April 18, 2016
For 91 Days, we lived in the French-Canadian metropolis of Montreal, exploring its famous culture, indulging in its fine cuisine (and finer poutine), making French-speaking friends, visiting award-winning museums, attending summertime festivals… and discovering exactly what makes this city such a special place. Whether you’re planning your own journey to Montreal, or are just interested in learning more about this amazing city, our articles and photographs should help you out. Start at the beginning of our adventures, visit our comprehensive index to find something specific, or choose one of the articles selected at random, below:
After three months spent living in the Canadian metropolis of Montreal, Jürgen and I came away with some unforgettable memories. We've now collected our experiences into an e-book, with all of our articles and over 200 full-color photographs.
It might not surprise you to learn which group of immigrants built Saint Patrick's Basilica. It was the Irish, who began arriving to Canada in the early nineteenth century. Set atop a hill in downtown Montreal, the imposing Gothic Revival church was completed in 1847.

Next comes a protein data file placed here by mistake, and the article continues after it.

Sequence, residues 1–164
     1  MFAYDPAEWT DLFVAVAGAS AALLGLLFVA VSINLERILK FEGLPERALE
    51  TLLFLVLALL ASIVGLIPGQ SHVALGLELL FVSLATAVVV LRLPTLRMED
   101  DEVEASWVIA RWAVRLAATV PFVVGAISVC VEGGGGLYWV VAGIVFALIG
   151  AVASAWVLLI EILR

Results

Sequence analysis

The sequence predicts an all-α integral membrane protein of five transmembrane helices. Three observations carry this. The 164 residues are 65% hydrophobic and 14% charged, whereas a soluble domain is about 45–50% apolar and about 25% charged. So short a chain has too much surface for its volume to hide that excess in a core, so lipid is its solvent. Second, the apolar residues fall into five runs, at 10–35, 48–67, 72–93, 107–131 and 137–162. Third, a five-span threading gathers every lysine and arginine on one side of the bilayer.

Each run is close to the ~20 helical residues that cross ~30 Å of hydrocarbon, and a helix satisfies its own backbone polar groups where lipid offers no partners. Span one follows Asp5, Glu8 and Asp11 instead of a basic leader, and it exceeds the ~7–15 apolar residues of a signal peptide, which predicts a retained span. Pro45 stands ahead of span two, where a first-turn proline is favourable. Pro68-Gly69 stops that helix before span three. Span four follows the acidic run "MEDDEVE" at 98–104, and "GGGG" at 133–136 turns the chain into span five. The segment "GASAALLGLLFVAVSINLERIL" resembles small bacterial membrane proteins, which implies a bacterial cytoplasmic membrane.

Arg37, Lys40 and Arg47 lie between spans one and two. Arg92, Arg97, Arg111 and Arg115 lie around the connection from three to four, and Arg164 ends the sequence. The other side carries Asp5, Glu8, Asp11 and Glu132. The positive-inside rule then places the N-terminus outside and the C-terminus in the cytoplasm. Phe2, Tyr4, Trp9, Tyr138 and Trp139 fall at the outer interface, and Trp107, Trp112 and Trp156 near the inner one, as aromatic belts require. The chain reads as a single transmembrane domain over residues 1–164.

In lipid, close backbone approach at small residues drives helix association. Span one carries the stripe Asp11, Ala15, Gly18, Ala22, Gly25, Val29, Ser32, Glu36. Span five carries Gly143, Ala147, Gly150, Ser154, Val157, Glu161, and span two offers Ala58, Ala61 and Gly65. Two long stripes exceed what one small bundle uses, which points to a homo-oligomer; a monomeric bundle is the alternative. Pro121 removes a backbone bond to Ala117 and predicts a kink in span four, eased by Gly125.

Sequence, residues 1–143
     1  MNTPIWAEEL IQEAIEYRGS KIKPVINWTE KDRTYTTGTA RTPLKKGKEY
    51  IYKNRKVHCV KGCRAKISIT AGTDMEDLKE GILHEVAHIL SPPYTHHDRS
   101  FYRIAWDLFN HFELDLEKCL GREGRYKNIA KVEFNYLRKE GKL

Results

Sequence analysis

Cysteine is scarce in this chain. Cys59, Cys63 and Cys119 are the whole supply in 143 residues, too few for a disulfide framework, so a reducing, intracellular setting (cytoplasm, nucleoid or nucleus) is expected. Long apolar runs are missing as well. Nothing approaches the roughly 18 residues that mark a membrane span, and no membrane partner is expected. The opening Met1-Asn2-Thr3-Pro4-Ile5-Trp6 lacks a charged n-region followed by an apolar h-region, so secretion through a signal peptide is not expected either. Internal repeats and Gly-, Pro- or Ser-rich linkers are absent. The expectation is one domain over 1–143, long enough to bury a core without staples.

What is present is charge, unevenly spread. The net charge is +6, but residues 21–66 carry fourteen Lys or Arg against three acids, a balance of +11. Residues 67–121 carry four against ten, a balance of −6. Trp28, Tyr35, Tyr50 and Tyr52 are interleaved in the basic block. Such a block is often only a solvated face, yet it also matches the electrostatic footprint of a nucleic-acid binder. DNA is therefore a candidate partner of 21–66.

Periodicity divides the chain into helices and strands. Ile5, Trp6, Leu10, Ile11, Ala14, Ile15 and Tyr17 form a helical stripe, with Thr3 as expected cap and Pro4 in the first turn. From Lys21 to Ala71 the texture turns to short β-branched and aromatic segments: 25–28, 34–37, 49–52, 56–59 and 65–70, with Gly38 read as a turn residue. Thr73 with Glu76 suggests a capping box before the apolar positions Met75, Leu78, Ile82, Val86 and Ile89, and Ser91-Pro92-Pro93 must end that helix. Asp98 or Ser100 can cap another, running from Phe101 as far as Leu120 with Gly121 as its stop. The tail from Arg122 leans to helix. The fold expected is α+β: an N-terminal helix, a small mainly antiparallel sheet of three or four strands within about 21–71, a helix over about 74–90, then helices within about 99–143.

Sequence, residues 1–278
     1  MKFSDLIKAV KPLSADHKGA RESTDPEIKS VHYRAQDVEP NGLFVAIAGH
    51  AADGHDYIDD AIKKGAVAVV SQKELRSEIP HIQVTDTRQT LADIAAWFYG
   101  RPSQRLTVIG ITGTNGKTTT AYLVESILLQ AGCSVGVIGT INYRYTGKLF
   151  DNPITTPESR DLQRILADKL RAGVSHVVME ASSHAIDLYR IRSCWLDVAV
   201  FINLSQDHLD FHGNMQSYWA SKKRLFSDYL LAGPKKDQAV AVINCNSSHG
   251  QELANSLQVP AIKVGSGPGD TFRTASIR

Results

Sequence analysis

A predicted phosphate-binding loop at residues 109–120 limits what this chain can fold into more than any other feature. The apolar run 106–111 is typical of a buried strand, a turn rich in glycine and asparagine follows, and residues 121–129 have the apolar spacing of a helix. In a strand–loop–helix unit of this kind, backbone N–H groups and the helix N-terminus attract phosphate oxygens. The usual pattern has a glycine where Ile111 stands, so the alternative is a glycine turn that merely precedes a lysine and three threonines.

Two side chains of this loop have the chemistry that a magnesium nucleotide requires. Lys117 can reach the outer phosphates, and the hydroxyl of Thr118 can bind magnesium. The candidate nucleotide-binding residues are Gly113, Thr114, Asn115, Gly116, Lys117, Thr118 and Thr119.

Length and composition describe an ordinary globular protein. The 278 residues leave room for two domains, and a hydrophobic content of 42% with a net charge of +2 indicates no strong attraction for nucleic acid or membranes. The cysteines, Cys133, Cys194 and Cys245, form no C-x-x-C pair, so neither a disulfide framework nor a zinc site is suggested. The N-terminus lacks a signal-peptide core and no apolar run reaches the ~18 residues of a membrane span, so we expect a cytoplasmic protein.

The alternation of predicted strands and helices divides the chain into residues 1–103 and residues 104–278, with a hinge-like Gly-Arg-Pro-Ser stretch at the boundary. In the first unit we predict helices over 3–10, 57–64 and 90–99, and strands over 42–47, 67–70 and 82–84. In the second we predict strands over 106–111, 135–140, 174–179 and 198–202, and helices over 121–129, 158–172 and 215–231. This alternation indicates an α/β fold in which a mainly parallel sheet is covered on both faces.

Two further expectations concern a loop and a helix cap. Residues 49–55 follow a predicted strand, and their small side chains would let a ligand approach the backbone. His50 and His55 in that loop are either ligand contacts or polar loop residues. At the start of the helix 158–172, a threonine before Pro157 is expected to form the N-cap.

One of finest colonial-era houses in Montreal is the Maison Saint-Gabriel, found in the neighborhood of Pointe Saint-Charles. Purchased in 1662 by Marguerite Bourgeoys for her congregation of nuns, this farmhouse allowed the sisters to be self-sufficient, and provided a place where they could educate community children. In 1966, the house opened its doors as a historic site.
Built in 1962, the Place Ville-Marie was Montreal's first skyscraper, and signaled the start of the city's vertical construction boom. Its unique cruciform shape made an immediate architectural splash, and the building is just as impressive today. We visited its 46th-floor observation deck, shortly after it had re-opened to the public, following a period of renovation.
Jürgen and I hardly rested during our three days in Quebec City. The weather was great, which allowed us to spend a lot of time outside, walking around the city taking snapshots. With the Château Frontenac reigning over the Old Town like a real-life Disney castle and the twisting cobblestone alleys leading from one quaint shop to the next, Quebec City seems like a theme park specifically designed for photographers.
Found within the former Généreux public bath hall on Rue Amherst, across from the Marché Saint-Jacques, the Écomusée du Vier Monde shines a light on the working-class community of Montreal's Centre-Sud. We visited the museum, and then took a walk around the neighborhood to which it's dedicated.
Montreal was founded in 1642, which means that in 2017, the city is celebrating its 375th birthday. That's a long stretch of history, and people can't be expected to remember everything that's happened. To help jog our memories, Montreal has created a multimedia exhibition called Cité Memoire (Memory City), transforming the old town into a living tribute to the past.